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Dear Reader,

What’s your sign?

No, Dear Reader, Your Gilbert is not trying to pick you up, though you are cute! We really just want to know what your sign is, whether it will be round or rectangular, whether you want your neighborhood association’s name on it, and most importantly, what’s it going to cost?

These are the questions posed by the city staff’s latest Gateway Sign System proposal. The signage system, even the parts that have been already approved, has been on the back burner for a while due to more urgent issues before the council and staff.

This is a system of informational signage, including “gateway” signs on the border and at the community center, informational kiosks in places with heavy pedestrian traffic, and smaller signs showing historic districts or merely city identification. The idea is to leave no doubt in the minds of visitors what city they are in and where – in the friendliest of terms – they can go.

All that is approved by the council. The staff is proposing as well a number of “tertiary” signs located on neighborhood roads leading off the city’s major arteries: New Hampshire Ave., Flower Ave., and Piney Branch Road.

Perhaps because the topic was not fresh on anybody’s minds it occasioned a good bit of confusion, frustration and a couple of snippy comments at the October 16th discussion.

Councilmember Joy Austin-Lane, for example, found it difficult to differentiate the already approved details from the newly proposed ones. She demonstrated the need to flip through the multipage presentation document to glean relevant information.

What she wanted was a comparison chart clearly showing the various proposed options, one that separated out the already approved portions of the project from the newly proposed parts.

However, she couldn’t quite put that into the succinct sentence that Your Gilbert just did with the advantage of time, hindsight, and reference materials. Instead, she struggled to explain what she wanted.

Maps? Showing where the signs would be placed, helpfully suggested Sarah Anne Daines, Housing and Community Development Director?

No, said Austin-Lane, trying to explain again: pictures, a list, all together . . . .

“You want a map?” asked the mayor, trying to move the discussion along.

“I didn’t ask for a map a single time!” said Austin-Lane flatly, wishing she’d thought to tuck a chain saw in her purse.

Austin-Lane found the entire signage project frustrating. She said she wants to see at least the start of the first phase before she votes to fund further phases. She said, “phase one is approved, funded, and missing in action.”

Councilmember and County-Councilmember-in-Waiting Marc Elrich was momentarily upset because there were no signs indicated in his ward on the map (not the map that Austin-Lane didn’t want, another map). Ms Daines assured him that “a green dot fell off” the map before it was copied. Everyone was understanding. Your Gilbert lives for these small-town moments.

Councilmember Clay said she was reminded of a news item about Pasadena, CA where signs identifying a neighborhood were a ranging controversy because inclusion in that particular neighborhood added $50,000 to the value of a home.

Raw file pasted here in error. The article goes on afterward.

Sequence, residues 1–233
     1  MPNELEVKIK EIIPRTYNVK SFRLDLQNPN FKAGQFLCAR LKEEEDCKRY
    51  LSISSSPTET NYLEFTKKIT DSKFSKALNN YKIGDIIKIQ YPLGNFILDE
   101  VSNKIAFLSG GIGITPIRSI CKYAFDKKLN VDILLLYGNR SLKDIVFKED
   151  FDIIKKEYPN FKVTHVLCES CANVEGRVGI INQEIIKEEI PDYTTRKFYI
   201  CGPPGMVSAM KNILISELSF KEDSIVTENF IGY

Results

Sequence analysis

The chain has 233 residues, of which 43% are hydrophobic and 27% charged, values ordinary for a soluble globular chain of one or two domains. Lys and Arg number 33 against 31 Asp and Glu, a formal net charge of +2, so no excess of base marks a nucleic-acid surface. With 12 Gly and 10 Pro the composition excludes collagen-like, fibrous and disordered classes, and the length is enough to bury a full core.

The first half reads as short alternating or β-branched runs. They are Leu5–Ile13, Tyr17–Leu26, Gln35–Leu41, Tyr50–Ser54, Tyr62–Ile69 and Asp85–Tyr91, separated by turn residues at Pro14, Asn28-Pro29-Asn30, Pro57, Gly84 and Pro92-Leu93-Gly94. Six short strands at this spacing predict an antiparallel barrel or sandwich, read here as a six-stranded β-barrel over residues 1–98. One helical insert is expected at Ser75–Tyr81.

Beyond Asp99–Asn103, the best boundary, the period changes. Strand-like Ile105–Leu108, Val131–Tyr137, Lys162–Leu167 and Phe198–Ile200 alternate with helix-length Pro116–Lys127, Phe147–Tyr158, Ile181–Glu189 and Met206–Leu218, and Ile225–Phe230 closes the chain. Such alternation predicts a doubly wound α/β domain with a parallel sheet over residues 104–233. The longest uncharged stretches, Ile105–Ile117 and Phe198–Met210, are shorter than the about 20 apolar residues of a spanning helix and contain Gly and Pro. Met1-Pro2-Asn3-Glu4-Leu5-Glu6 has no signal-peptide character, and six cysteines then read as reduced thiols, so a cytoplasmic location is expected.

Clay asked what the neighborhood designation would be, the name of the neighborhood or the neighborhood association? When told the neighborhood association, she was dubious.

Ms Daines, backpedaling at top speed, said there were indeed mixed reactions to this plan, and it would be easiest to just use the city seal on the signs.

But councilmember Terry Seamens pursued the question, asking WHO had mixed reactions: the staff, citizens? She said it was a “workgroup.”
Seamens was taken aback that the options they were discussing were yet to be presented to the neighborhood associations. He said he thought the council would make the decision. A horrible thought occurred to him – could different neighborhoods end up with different signs?

Ms Daines assured him that they wouldn’t. The associations would just be given the opportunity to give feedback – and pick ONE design. And given that feedback, the council would make the final decision.

The example of the neighborhood association sign, Gilbert noted, was that of “Hillwood Manor”, the association with the shortest name. The “South of Sligo Creek Citizens Association,” and “ New Hampshire Gardens Citizens Association” will require much bulkier signs – or much smaller text.

For a Hallowe’en treat, Dear Readers, imagine the horror as neighborhoods “give feedback” over what to put on their signs, and the results: signs with dozens of appendages like tv’s MASH signpost, traffic accidents involving drivers distracted by reading all the fine print, and lawsuits when a signpost topples over and skewers a small child.

In the end they decided the most important question was one they had no answer to – and that is the cost of the project. They asked Ms Daines to come back with the costs. But no maps.

- Gilbert

PS. You can view a memo, including small graphics here. A pdf of the proposal presented to the council for the October 16th meeting – with clearer graphics – is here.

About the author: Gilbert

Gilbert is the pseudonym of a hard-bitten, hard-drinking, long-time Takoma Park resident who maintains the granolapark blog. Gilbert and William L. Brown — Granola Park's mild-mannered chief of staff, researcher, and drink pourer — have never been seen in the same place at the same time.

1 comment

  1. Tom Gagliardo says:

    I don’t want a sign at the entrance to my neighborhood (Hodges Heights). I want the Takoma Park Oakleaf flag, a big one, strung across each street fluttering in the breeze.

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